The site of this 1864 church can be seem on the 2nd and 3rd Edition Ordnance Survey maps at NS 2787 7654. It was close to the River Clyde and especially Caird and Co.'s shipyard (taken over by Harland and Wolff around 1916). By 1917, Harland and Wolff wished to expand into the land occupied by the church. After long negotiations, the company gave the church a nearby site at Campbell Street and paid for the dismantling of the church and the building of its replica. Where possible, the old stones, windows, mural tablets, internal woodwork (except roofing) and ecclesiastical fittings were reused. The church followed the same plan and overall design as the previous church but with a new tower design and more windows. The previous tower had three stages and the third stage had a crowstep gable at each side and tall pyramid roof with crockets and a topped by a finial (photos of the church in Hill, 1898).
The church hall was built in 1925 by the Harland and Wolff Shipping Company to provide the congregation with a space to worship, while waiting for the new church to be built. It was named the Pirrie Hall, after the late Lord Pirrie who was Chairman of Harland and Wolff.
The history of the building of Old West Kirk and in particular its relocation stone by stone, is very unusual. Its cruciform plan form and the design of the interior with carved timberwork dates to the mid 19th century. Its survival is notable because it has been moved virtually unaltered from the date of its original construction. The church has a considerable collection of outstanding stained glass windows which is not only of exceptional quality but is the only collection of its type in Scotland (see Interior section below). The stained glass, which was designed specifically for this church has added considerably to the special interest of the building as a whole.
Architectural or Historic Interest
It is typical for large parish churches built in the second half of the 19th century to have a high degree of interior decoration. The Old West Kirk is no exception to this, however the survival of its carved timberwork is notable because it has been moved and faithfully re-erected.
This church is particularly remarkable for its collection of high quality stained glass windows which uniquely brings together works from major 19th and 20th century stained glass artists. This collection is described by the Scottish Stained Glass Symposium and the Scottish Stained Glass Trust as "of outstanding importance and constitute a major British programme of Victorian glass". For a church outside a city the size of this collection is extensive and is indicative of the importance of this church in Greenock and its benefactors at the height of the town's prosperity.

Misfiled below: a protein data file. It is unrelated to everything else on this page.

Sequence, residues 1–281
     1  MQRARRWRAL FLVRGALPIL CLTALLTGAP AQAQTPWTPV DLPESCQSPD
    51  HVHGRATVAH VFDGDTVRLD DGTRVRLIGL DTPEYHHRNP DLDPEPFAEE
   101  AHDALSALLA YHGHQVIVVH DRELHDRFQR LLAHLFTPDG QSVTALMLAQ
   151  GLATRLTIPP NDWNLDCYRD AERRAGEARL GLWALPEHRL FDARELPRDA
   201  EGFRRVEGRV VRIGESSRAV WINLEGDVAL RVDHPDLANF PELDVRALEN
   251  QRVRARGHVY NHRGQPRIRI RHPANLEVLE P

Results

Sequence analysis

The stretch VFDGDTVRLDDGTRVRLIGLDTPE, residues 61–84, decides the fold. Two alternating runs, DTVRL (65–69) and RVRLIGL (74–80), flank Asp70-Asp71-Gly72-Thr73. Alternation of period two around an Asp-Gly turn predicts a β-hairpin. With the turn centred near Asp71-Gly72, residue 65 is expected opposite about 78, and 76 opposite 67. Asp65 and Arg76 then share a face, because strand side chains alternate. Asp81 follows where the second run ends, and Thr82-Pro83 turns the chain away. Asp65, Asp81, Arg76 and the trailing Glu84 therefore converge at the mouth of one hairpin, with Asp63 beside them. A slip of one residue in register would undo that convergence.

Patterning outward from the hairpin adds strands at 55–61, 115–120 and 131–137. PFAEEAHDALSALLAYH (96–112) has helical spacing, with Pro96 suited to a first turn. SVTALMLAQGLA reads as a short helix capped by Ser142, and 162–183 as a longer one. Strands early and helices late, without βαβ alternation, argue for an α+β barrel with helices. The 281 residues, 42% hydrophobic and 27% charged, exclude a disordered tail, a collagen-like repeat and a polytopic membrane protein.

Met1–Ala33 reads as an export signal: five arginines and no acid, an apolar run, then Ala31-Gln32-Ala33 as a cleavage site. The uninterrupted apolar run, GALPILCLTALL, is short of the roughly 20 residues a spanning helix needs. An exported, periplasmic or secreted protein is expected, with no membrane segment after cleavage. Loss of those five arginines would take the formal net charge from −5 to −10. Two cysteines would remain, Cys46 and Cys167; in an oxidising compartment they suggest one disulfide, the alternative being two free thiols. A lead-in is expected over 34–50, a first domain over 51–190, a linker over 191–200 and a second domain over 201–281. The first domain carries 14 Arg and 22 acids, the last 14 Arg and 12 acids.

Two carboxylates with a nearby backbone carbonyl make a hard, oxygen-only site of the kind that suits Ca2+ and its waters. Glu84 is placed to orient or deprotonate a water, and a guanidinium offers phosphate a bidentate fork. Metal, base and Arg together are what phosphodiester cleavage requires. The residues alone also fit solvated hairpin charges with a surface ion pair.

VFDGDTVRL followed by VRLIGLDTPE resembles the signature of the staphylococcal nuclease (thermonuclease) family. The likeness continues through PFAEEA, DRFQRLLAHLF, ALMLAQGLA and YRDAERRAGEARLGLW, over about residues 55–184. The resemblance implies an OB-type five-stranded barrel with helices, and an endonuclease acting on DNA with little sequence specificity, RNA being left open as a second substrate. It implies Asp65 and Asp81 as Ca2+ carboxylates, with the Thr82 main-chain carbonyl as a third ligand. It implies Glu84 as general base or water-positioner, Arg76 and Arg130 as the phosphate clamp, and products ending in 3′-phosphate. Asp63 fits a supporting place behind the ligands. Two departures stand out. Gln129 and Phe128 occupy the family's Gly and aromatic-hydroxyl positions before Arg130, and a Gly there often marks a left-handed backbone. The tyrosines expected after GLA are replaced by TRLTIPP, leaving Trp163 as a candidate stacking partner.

The earliest glass is the Adoration of the Shepherds and the Magi by James Ballantine, which was supplied to the church in 1864. Ballantine was a pioneer of post-Reformation window glass and is key to the start of Scotland's major art glass movement. His firm designed and installed windows at Greyfriars Kirk in Edinburgh in the 1850s and many for St Giles' Cathedral in Edinburgh in the 1870s. This window at the southeast gable, was gifted by Andrew Ramsey and his wife Jane Baine, both from prominent Greenock families.
James Ballantine and Sons were renowned for the quality of their figuarative work. The firm also designed six smaller stained glass windows for the old West Kirk in 1864.
Allan Park Paton (1818-1905), the town's librarian and secretary of the church's restoration committee, was instrumental in securing commissions for four stained-glass windows from the prestigious firm of Morris and Co. The work of this company profoundly influenced the decoration of churches and houses into the early 20th century. Paton consulted Dante Gabriel Rosetti, who recommended this firm which was founded by his friend William Morris and for which he was a designer. In 1865 the company supplied the window Adoration of the Lamb. This window is important as large and early example of the firm's glass art. Whilst Edward Burne-Jones supplied many of the detailed designs, another four major designers at the company (Ford Madox Brown, Simeon Solomon, William Morris and Philip Webb) contributed to it and make this window, as far as is currently known, a unique collaboration. The window was paid for by John McGunn, in memory of his father, Thomas McGunn, a Greenock sugar merchant.